Zinc-anode battery overcomes problem of dendrite formation
A prototype zinc-anode battery system developed at the City University of New York has overcome the problem of dendrite formation and will be ready for commercialisation by autumn this year.
According to the college, zinc-anode batteries offer an environmentally friendlier and less costly alternative to nickel-cadmium (Ni-Cd) batteries and, in the longer term, could replace lead-acid batteries at the lower-cost end of the market.
However, the challenge of dendrite formation associated with zinc had to be addressed, as dendrites (crystalline structures) cause batteries to short out.
To prevent dendrite build-up, researchers developed a flow-assisted zinc-anode battery with an advanced battery management system (BMS) that controls the charge/discharge protocol.
To demonstrate the new technology and its applications, which range from peak electricity demand reduction to grid-scale energy storage, they have assembled a 36 kilowatt-hour (kWh) rechargeable battery system.
The system is said to consist of 36 individual 1kWh nickel-zinc flow-assisted cells strung together and operated by the BMS. In peak electricity demand reduction, batteries charge during low-usage periods and discharge during peak-demand periods, when surcharges for power usage are high.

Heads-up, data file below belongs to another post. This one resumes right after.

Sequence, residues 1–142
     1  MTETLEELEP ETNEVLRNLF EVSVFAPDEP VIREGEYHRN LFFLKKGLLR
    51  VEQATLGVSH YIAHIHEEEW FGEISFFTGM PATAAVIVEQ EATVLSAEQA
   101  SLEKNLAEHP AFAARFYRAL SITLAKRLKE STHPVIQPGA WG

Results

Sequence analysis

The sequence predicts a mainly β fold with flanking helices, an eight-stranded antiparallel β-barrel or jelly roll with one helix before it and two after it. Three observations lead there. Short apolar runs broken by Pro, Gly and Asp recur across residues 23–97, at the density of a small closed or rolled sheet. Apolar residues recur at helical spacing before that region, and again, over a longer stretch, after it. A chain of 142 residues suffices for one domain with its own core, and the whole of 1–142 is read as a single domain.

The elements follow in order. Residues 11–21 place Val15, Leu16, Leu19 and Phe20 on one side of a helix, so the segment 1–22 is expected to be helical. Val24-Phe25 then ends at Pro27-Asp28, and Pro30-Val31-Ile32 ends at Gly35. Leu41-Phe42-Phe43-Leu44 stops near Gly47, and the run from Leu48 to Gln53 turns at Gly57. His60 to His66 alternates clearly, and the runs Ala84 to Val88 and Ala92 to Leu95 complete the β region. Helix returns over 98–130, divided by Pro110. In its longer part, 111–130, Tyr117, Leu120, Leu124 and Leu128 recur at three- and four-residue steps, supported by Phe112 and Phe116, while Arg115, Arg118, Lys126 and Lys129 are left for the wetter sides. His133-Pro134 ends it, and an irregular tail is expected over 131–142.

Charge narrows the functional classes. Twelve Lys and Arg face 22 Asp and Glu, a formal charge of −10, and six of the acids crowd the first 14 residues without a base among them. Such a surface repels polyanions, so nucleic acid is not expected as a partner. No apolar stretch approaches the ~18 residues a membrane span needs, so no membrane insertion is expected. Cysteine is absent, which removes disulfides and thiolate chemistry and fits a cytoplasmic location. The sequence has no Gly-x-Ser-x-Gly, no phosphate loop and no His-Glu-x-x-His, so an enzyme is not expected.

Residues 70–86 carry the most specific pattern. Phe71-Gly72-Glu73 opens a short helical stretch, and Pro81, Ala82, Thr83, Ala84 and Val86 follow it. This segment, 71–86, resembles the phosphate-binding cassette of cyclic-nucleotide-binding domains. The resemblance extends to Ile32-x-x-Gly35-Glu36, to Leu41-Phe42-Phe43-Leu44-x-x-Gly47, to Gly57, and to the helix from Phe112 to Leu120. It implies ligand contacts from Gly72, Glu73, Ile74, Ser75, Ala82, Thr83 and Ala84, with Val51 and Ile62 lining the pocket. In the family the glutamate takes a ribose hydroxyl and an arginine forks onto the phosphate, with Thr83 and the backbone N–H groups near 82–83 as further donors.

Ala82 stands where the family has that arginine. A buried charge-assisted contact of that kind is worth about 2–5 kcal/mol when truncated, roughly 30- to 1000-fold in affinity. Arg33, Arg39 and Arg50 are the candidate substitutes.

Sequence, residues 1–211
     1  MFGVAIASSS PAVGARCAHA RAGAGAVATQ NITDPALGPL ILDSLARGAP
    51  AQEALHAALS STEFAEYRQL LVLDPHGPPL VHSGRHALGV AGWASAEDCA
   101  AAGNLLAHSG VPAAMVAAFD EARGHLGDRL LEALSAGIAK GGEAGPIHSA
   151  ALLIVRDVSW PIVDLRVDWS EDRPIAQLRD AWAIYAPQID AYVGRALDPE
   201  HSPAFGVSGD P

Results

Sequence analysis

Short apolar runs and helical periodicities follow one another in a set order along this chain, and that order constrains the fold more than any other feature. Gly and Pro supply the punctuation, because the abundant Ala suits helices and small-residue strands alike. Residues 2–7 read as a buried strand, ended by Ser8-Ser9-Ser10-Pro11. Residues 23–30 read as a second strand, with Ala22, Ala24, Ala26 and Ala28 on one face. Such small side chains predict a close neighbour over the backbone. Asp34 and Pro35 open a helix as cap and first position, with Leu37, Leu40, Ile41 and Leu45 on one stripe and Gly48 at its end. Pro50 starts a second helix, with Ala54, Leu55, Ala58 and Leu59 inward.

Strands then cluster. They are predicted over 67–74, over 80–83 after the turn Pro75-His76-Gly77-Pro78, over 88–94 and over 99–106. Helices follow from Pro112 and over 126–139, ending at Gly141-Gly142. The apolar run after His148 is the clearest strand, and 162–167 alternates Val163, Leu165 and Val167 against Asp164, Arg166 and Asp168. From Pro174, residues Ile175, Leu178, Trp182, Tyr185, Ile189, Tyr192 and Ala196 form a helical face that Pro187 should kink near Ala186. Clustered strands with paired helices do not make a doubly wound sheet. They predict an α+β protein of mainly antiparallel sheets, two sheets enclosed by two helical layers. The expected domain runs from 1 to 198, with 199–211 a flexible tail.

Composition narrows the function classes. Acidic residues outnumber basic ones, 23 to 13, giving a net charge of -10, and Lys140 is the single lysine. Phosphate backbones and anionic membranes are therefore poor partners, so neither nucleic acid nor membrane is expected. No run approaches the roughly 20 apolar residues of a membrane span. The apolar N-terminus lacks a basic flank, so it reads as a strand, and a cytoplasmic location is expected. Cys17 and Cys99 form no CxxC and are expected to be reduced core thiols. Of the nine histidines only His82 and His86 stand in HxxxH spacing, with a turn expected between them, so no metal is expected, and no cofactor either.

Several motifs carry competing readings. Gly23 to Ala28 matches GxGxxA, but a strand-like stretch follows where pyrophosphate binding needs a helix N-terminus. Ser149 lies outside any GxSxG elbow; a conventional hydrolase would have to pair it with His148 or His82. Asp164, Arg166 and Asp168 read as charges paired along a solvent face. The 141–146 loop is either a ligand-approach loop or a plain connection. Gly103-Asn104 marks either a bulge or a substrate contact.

‘This is affordable, rechargeable electricity storage made from cheap, non-toxic materials that are inherently safe,’ said Dr Sanjoy Banerjee, director of the college’s Energy Institute. ‘The entire Energy Institute has worked on these batteries — stacking electrodes, mounting terminals, connecting to the inverters — and they are going to be a game changer for the electric grid.’
The batteries are designed for more than 5,000–10,000 charge cycles and a useful life exceeding 10 years. The demonstration system is being expanded currently to 100kWh, with another 200kWh to be installed later this year.
Banerjee believes initial applications for the batteries exist in industrial facilities and large, commercial properties. The Ni-Cd batteries that would be initially replaced are used in applications that range from back-up power for server farmers to very large starter motors. Other large-scale Ni-Cd applications include grid support, such as a system in Alaska that deploys a 45MW Ni-Cd battery array.
The Energy Institute’s zinc-anode battery system can be produced for a cost of between $300/kWh (£186/kWh) and $500/kWh, which for many applications has a three- to five-year payback period. The cost is being reduced and is expected to reach $200/kWh with a year.
To commercialise the batteries, researchers plan to have a company operational by autumn this year, with the goal of breaking even within two years, Banerjee said in a statement.